Many people aren’t fully aware of the footprint they leave across the internet. Websites visited, products viewed, searches made – all of these are not as private as you might imagine. One example you may notice which demonstrates how your internet usage is not private is those advertisements which seem to follow you around the internet for products you have visited in the past.
This is known as “remarketing” or “retargeting” and relies on information you may think is private about websites you have visited. The information is held in a cookie installed on your computer. Ad networks then check these cookies so that they can select the best ad to show to you. What is most impressive (or scary) is how specific the targeting of these advertisements can be. Advertisers can even choose to target people who have added an item to cart on their website, but never completed the transaction.
It isn’t only advertisers who collect data from users; most free services you use are only available free of charge because they collect data from users. This data is then sold to third parties and forms a big part of the business model for most software companies. Many governments also require internet providers to keep hold of users Internet history for national security reasons.
Data for Internet users are logged from a number of places, such as:
You might not mind that certain websites and searches are being logged, but many people are not aware how much data is collected and how they are linked together. Your web search for legal advice is likely to be linked to your IP, name and even your e-mail address. This means that your search will be linked to your name for an indefinite amount of time, even if you didn’t want that to happen!
Fortunately, there are privacy tools you can use to keep your information safe. Below is a list you can check out:
IPVanish is known as a very high quality VPN which has a wide range of desktop clients including Windows, Mac and Linux. It also provides mobile apps for Windows Mobile, Android and iOS. It has 40,000+ IP’s on 400+ servers in 60+ countries, which allows you the ability to surf anonymously almost anywhere in the world. It also doesn’t log any traffic or use of the service and requires no personal information other than for payment of the service – which can be paid in Bitcoins.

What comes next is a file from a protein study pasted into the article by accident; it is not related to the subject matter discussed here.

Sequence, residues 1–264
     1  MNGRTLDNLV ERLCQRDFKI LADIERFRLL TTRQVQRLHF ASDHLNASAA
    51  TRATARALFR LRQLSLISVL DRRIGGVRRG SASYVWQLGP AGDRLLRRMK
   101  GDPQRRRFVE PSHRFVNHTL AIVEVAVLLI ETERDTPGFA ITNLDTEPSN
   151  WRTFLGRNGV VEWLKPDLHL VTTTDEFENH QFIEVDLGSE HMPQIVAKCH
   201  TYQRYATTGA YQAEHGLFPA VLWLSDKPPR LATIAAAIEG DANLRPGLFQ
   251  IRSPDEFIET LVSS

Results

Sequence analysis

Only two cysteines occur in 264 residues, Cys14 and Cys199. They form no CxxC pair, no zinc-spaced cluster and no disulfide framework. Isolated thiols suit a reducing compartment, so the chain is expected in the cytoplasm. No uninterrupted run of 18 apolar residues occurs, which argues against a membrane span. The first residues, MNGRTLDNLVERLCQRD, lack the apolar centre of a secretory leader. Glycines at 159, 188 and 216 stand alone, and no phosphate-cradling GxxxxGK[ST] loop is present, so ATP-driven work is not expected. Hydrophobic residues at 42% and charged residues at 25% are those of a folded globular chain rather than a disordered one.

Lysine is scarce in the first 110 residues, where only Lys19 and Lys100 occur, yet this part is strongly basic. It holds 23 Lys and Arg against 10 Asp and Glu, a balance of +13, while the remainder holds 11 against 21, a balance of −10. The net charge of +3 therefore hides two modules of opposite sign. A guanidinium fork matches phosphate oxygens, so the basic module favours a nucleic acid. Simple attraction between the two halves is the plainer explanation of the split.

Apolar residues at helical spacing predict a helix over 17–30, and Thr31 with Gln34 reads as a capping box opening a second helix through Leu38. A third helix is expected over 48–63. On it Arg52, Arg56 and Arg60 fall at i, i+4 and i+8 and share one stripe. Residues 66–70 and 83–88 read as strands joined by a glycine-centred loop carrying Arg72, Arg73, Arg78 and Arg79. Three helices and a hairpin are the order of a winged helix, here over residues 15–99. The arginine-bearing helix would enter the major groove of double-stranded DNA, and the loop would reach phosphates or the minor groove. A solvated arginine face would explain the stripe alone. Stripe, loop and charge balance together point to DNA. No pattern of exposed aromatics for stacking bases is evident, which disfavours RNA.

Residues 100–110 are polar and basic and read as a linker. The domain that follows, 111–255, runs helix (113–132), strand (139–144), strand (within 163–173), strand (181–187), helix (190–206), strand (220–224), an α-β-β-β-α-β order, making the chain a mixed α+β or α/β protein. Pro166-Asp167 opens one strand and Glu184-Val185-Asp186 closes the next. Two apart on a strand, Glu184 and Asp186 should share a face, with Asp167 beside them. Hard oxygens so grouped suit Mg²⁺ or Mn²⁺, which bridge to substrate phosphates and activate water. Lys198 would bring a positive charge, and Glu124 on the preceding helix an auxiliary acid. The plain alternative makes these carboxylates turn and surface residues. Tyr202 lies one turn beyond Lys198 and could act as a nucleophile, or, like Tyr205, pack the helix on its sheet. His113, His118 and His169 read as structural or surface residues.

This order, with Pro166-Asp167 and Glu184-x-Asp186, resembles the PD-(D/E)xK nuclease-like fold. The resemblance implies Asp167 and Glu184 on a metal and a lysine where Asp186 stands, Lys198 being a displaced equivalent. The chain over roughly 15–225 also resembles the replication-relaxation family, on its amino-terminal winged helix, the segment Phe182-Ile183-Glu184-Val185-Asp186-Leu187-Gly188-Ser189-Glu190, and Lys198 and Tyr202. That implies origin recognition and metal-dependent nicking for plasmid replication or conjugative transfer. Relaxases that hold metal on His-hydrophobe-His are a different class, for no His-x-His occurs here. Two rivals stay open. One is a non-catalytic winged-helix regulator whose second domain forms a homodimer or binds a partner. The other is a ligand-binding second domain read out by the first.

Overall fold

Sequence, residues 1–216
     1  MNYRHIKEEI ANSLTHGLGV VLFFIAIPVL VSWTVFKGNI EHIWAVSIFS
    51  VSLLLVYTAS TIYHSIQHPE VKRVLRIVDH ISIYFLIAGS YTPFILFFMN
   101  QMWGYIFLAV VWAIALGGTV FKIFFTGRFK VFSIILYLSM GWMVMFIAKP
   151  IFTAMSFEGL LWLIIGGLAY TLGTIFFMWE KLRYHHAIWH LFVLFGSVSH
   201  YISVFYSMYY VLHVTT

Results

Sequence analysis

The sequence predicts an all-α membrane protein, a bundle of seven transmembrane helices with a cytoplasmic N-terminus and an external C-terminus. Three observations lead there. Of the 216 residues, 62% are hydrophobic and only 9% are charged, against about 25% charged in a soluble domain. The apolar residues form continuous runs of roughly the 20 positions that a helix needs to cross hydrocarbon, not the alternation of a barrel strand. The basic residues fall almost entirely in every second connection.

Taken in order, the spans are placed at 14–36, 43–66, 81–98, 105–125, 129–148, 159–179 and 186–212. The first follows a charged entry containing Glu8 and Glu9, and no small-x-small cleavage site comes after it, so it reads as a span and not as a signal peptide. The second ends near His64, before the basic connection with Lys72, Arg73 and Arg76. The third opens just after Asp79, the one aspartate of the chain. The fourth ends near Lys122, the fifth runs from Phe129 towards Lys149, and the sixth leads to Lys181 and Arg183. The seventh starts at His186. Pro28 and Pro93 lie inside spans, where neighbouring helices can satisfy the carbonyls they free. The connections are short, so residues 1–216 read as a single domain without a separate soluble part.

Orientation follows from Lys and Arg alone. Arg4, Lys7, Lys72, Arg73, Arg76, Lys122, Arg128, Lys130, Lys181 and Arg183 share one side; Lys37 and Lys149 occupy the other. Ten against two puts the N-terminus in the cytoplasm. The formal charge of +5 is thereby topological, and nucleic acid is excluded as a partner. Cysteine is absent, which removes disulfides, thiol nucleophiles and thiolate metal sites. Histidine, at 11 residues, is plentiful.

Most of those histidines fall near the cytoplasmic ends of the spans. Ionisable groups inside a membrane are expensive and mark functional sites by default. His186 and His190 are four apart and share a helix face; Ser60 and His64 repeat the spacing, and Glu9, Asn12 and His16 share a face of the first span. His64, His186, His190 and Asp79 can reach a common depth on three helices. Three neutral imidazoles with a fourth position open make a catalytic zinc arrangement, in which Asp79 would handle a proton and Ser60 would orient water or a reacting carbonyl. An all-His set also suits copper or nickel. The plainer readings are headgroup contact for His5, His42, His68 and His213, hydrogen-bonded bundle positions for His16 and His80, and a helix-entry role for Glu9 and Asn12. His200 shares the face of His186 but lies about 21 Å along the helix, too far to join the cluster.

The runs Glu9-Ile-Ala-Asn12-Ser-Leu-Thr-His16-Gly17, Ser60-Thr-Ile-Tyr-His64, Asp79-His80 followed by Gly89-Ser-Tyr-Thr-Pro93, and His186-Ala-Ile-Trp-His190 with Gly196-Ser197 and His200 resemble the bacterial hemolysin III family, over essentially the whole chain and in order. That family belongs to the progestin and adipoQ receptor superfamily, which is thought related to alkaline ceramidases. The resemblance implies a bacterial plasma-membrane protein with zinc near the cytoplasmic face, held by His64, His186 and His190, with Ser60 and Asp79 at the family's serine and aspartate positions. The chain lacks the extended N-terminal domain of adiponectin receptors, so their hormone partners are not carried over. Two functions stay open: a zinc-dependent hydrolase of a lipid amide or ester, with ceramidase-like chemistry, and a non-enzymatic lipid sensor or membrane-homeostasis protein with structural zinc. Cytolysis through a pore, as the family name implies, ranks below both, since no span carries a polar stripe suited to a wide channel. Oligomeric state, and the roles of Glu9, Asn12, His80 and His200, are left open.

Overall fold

Here is a quick word about VPN’s, which many people recommend as a way to shield internet use from ISP’s. While the VPN does shield your history from your main ISP, the information is still visible to the VPN provider. This means that the VPN provider could profile you in the exact same way that your ISP does – except they may do so for purely commercial purposes. This means you’re simply swapping your ISP’s spying for spying from a VPN provider!
This VPN is also available on numerous different platforms, but this one is promoted on security features rather than speed. Cyberghost includes multi-protocol support, DNS leak prevention, IP sharing and IPv6 protection. It also categorically states that it does not store user data which indicates that your data should be completely safe.
Disconnect is not the most simple of the tools available in this list, but it is a very high quality suite of security tools. It offers private browsing and private search, making it kind of a VPN dedicated to anonymous use of search engines. Disconnect state that they do not collect any personal data other than the data required when taking payment.
Mozilla, who created Firefox, are well respected as a browser maker for many reasons. One of the main reasons is because of the great quality for the browsers they make; but another reason is because they do not rely on user tracking like most others. However, you need to remember that despite the fact the browser doesn’t collect any information on you, if you log into Facebook, Google, or Twitter, they will still capture your information.
DuckDuckGo has been embedded inside Firefox since November 2014. The service protects your personal information and previous searches when you use a search engine. This means that websites you visit will not be able to see your previous searches, your IP, or the browser you’re using. It also offers a really good feature which allows you to connect to encrypted versions of websites allowing extra privacy.
Oscobo competes with DuckDuckGo and is actually practically identical to it in every way, other than the fact it uses UK specific results. Oscobo state that they do not record IP addresses or user data. In fact, they go as far to say that no trace of searches made from a computer are left behind.
All of DNS.Watch’s DNS resolvers can be used free of charge – which is something no one else offers. Using DNS.Watch ensures that websites will not be censored by your ISP, which is something that regularly happens. It also means that your queries will not be logged by your ISP. DNS.Watch promises that they do not log any queries. They always say, “We’re not interested in shady deals with your data. You own it. We’re not a big corporation and don’t have to participate in shady deals. We’re not running any ad network or anything else where your DNS queries could be of interest for us. Other providers do.”